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All posts by RWZ

CNA: Three U.S. Senators Visited Taiwan

Primary Taiwanese news agency Central News Agency (CNA) recently reported that, according to the American Institute in Taiwan (AIT, the de facto Embassy of the United States in Taiwan), three U.S. Senators will be visiting Taiwan on June 6. The visit intends to discuss topics on the U.S.-Taiwan relationship and regional security. Senator Ladda Tammy Duckworth (D), Senator Daniel Scott Sullivan (R) are members of the Senate Armed Services Committee, and Senator Christopher Andrew Coons (D) is a member of the Senate Foreign Affairs Committee, the Chairman of the Senate Ethics Committee, a member of Senate Committee on Appropriations, and a co-sponsor of the Taiwan Assurance Act (also known as the Taipei Act).  The Taiwan Ministry of Foreign Affairs said these U.S. senators are all long-term supporters of Taiwan, and they are prioritizing the visit to Taiwan to demonstrate their firm bi-partisan support of Taiwan in the U.S. Senate. This is the first international visit that the Senate Armed Services Committee planned to have, after the breakout of the Covid-19 Pandemic last year. The whole U.S. Senate visiting group includes ten people. A meeting with Taiwanese President Tsai Ing-wen is part of the schedule. [Editors Note: According to DW, the U.S. was expected to give 750,000 doses of COVID vaccine to the island. Taipei had accused China of blocking it from making a deal to procure doses from a German firm, but Beijing denied the accusation.]

Source: CNA, June 5, 2021
DW: June 6, 2021

COVID Is Shutting Down the Taiwanese Chip Making Industry

Well-known Chinese news site Sina (NASDAQ: SINA) recently reported that the COVID pandemic is spreading in Taiwan, impacting various world-class chip suppliers in the semiconductor industry. The latest bad news came from King Yuan Electronics (KYEC), which is the world’s largest semiconductor packaging and testing company. The company announced a 48-hour suspension of operations due to a widespread group COVID infection affecting 45 workers. KYEC services major downstream chipmakers like MediaTek (Taiwan), NVIDIA (USA) and STMicroelectronics (Switzerland). Currently, Taiwan is the world’s number one provider of foundry as well as packaging & testing. It is also the world’s number two IC design provider. The Taiwanese semiconductor industry is currently the second largest in size, only after the United States. In the meantime, Malaysia, another major chip packaging & testing country, already closed down the entire country and manufacturing lines are keeping only 10 to 20 percent of their labor, just to keep the machines powered, with zero production output.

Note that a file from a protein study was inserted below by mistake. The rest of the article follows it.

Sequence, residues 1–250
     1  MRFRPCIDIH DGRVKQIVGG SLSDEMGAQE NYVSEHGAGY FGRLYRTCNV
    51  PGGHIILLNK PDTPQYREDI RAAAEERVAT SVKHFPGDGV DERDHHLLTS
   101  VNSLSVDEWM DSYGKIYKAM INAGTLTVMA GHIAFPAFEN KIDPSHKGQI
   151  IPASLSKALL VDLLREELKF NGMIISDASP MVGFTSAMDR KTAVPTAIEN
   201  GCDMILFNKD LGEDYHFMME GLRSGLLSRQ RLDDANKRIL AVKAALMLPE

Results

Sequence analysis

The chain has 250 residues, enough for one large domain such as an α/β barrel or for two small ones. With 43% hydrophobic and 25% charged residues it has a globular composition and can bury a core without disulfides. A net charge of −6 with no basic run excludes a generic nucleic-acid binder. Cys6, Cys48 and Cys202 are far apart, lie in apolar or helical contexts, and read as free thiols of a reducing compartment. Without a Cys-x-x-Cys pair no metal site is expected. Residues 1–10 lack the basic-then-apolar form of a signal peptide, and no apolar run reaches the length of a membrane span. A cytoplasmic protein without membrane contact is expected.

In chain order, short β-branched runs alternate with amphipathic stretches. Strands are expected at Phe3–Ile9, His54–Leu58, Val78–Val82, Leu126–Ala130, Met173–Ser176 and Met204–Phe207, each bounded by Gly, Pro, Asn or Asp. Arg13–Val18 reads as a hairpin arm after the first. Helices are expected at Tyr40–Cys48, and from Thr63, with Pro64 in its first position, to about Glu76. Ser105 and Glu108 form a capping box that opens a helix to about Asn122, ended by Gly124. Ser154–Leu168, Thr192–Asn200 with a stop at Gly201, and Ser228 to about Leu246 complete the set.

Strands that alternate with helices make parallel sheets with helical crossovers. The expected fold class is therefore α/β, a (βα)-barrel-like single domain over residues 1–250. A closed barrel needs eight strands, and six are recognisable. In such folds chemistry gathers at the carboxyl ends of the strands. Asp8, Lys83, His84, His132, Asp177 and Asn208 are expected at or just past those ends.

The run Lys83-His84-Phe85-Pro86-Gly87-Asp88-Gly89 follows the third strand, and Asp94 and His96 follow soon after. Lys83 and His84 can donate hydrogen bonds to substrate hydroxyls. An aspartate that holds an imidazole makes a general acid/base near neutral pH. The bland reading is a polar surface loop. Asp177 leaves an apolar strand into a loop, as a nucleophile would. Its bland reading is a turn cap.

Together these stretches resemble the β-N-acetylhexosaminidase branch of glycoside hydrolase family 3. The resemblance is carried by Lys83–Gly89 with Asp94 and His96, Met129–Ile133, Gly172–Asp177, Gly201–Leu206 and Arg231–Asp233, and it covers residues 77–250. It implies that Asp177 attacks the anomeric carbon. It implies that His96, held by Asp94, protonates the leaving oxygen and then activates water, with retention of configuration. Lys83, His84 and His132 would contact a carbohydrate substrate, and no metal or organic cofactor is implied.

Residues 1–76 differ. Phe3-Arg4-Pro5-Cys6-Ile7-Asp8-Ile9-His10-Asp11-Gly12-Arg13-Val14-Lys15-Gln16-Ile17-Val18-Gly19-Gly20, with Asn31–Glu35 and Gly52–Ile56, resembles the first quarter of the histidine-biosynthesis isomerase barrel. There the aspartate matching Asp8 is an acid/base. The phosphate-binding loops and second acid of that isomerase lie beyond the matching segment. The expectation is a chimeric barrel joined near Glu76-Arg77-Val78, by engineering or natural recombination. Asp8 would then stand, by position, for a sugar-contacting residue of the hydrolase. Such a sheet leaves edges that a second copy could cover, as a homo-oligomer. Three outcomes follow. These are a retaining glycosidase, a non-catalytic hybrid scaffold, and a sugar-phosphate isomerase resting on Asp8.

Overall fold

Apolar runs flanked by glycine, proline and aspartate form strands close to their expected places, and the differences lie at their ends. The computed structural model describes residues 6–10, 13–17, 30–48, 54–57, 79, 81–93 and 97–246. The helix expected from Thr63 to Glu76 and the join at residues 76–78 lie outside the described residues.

Source: Sina, June 6, 2021

No Major Chinese Cellphone Manufacturer Plans to Use Huawei’s HarmonyOS

Well-known Chinese news site NetEase (NASDAQ: NTES) recently reported that Huawei just announced its mobile phone operating system HarmonyOS will replace Android and will challenge Google. However, none of the major Chinese domestic mobile phone heavyweights, such as Xiaomi, Oppo and Vivo plan to use HarmonyOS. It’s worth noting that Android is an open-source system and anyone can use it. What Huawei cannot use is the Google suite of applications (such as Gmail), which do not have a large share of the Chinese market. To the Chinese mobile phone manufacturers, the important part of a mobile device operating system is its ecosystem. The Mobile device hardware profit margin for these manufacturers is extremely narrow. Software and related services provide their primary profitable income, and Huawei’s new HarmonyOS has a very limited number of apps. Also, in the past, Huawei took a very competitive approach in dealing with other domestic manufacturers. The mobile vendors are very hesitant to rely heavily on Huawei. In fact, Google has been a lot more neutral than Huawei when developing business relationships with the Chinese manufacturers. Huawei used to promise not to enter the mobile phone market – then it became the world’s second largest mobile phone maker, crushing all domestic competitors.

Source: NetEase, June 4, 2021

China Surpassed Germany to Become Britain’s Largest Trade Supplier

Well-known Chinese news site Sina (NASDAQ: SINA) recently reported that, according to the British National Bureau of Statistics, in the first quarter, China became Britain’s largest supplier. This broke Germany’s number one position which it had held since 1997. In the first quarter, imports from China increased by 66 percent, to 16.9 billion pounds. In the meantime, imports from Germany declined by a quarter to 12.5 billion pounds. The increase on the China side was the direct result of the high demand for the personal protection products (PPP) for the pandemic. The German decline was largely caused by the shrinking car sales, also due to the pandemic. At the moment, the top five importing countries for the UK are China, Germany, the United States, the Netherlands and Belgium. China’s exports to Britain are mainly in three categories: machinery products, electronic equipment, and various chemical products. Britain’s exports to China grew mainly in the areas of machinery and transportation equipment. In addition to cars and fossil fuels, British exports also include products in the pharmaceutical industry and material manufacturing. London is the one city alone that has ranked number five among all British exporting areas.